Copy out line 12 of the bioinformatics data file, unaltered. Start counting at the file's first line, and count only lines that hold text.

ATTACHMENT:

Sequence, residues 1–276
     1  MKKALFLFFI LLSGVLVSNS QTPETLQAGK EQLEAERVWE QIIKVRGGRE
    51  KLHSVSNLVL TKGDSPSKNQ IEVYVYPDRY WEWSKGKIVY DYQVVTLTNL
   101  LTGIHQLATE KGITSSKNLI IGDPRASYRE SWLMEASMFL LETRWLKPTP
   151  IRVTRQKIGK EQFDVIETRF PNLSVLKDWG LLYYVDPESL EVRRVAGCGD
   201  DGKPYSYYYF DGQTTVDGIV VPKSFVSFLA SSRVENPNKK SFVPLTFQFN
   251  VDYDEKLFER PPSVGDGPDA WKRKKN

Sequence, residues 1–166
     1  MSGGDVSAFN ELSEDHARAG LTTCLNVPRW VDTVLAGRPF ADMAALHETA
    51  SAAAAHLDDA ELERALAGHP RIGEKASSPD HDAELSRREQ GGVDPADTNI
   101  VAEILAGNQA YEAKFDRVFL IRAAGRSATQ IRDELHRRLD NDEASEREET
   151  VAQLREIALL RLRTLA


   151  VAQLREIALL RLRTLA